5. A method in accordance with claim 3, wherein for a network file system write operation, the intermediate buffer is located in a network file system layer.
6. A method in accordance with claim 1, comprising the further step of locating the destination buffer in a physical file system layer of the computing system.
7. A method in accordance with claim 6, wherein the destination buffer is located in a file system buffer cache.
8. A method in accordance with claim 1, wherein the translation operation is carried out by a kernel of the computing system.
9. A method in accordance with claim 1, wherein the lock for write operation is an inode lock.
10. A method in accordance with claim 1, wherein the step of performing a translation operation comprises the further step of exchanging at least one page mapped to a source kernel address range associated with the intermediate buffer, with a destination kernel address range associated with the destination buffer.
11. A computer program for processing concurrent write operations in a computing system and comprising at least one instruction which, when implemented on a computer readable medium of a computing system, causes the computing system to implement the steps of:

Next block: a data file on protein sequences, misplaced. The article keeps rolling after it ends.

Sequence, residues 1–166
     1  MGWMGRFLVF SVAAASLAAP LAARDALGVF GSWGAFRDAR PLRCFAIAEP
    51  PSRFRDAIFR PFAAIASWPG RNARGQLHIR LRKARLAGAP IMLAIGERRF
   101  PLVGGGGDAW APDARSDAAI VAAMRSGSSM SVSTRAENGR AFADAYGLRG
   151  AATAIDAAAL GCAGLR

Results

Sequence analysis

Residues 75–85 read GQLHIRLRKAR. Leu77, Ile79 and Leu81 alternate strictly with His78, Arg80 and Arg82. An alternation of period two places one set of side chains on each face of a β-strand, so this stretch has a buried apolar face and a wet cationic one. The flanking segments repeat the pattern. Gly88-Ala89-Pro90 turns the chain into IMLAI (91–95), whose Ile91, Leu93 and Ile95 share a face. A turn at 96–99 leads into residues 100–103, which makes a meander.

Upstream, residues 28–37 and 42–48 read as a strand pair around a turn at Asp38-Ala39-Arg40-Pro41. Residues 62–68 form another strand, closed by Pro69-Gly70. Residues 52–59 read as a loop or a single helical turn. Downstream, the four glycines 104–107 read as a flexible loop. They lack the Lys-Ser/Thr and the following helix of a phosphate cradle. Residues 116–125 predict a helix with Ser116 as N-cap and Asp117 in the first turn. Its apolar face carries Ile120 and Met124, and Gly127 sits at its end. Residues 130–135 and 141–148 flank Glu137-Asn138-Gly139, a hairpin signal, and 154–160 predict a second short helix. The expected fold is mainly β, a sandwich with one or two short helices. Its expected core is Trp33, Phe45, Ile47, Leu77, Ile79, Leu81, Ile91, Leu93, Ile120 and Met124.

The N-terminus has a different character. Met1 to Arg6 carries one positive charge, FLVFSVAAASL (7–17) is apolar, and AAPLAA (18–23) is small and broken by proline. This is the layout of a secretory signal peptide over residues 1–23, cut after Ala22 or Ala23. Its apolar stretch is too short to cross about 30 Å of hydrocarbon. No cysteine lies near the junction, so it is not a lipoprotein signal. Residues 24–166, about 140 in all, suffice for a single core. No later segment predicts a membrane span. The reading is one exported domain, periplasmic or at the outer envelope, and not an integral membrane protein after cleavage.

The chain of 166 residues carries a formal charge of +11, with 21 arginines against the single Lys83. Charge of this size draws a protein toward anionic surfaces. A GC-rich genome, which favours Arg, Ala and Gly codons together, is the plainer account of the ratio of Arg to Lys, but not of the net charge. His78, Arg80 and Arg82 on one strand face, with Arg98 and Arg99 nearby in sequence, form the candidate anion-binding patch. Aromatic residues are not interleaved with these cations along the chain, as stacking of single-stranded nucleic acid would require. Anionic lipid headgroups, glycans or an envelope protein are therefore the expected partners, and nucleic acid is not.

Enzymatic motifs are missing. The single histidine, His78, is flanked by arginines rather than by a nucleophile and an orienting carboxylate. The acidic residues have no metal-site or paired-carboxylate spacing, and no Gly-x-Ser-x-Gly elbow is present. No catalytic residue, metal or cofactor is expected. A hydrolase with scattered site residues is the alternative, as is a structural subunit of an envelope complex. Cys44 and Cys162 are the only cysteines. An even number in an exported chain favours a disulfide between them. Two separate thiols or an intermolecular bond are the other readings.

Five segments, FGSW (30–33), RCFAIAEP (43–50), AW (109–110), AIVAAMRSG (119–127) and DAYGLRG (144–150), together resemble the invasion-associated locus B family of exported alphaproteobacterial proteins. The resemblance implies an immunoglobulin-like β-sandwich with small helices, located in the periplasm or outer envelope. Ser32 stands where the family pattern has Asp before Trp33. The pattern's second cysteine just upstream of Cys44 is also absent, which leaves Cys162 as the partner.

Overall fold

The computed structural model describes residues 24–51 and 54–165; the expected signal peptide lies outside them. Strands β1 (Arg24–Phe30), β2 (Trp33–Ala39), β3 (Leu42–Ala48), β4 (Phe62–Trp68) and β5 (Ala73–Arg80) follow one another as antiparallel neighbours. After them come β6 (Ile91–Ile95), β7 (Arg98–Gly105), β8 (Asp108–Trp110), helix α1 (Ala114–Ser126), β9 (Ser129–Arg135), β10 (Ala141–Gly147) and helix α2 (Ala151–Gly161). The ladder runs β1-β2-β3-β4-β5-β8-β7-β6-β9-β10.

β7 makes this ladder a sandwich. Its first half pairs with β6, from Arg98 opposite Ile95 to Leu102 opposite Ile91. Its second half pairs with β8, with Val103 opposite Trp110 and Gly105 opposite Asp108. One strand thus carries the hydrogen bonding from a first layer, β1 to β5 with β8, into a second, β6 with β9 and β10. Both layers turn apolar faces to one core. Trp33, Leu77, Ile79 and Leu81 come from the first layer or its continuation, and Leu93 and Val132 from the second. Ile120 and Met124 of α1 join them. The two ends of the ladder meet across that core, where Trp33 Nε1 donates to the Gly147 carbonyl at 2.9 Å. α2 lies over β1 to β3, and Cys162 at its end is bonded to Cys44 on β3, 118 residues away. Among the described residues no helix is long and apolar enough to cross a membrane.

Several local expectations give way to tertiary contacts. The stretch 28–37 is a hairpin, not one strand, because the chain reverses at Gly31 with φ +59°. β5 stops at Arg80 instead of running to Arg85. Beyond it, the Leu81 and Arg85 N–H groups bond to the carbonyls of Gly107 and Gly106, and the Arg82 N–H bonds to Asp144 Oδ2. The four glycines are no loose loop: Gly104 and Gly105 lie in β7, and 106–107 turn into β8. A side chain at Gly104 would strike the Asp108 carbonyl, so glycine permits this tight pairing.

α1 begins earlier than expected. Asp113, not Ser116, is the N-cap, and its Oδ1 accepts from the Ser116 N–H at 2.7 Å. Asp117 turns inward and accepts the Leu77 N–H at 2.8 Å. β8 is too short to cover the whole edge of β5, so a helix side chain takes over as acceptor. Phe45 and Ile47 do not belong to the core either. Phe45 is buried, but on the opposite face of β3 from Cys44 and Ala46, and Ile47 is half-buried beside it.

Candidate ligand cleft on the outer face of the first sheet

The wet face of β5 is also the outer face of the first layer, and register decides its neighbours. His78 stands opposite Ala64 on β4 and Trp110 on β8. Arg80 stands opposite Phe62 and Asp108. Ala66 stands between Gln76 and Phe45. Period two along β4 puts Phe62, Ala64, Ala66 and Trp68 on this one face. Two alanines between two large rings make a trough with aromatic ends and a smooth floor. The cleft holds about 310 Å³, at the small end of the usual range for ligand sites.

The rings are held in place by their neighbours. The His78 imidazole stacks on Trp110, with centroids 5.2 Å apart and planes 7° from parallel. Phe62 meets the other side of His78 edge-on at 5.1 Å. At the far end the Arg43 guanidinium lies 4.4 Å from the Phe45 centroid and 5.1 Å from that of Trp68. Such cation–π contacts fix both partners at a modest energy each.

copying data residing in one or more source buffers to a contiguous intermediate buffer, prior to acquiring a lock for a write operation; and
on acquiring the lock, performing a translation operation between the intermediate buffer and a destination buffer, to process the write operation.
12. A computing system, comprising:
a copy device configured to copy data residing in one or more source buffers to a contiguous intermediate buffer, prior to acquiring a lock for a write operation; and
a processing arrangement configured to, on acquiring the lock, performing a translation operation between the intermediate buffer and a destination buffer, to process the write operation.
13. A computing system in accordance with claim 12, wherein the translation operating is a page trading operation.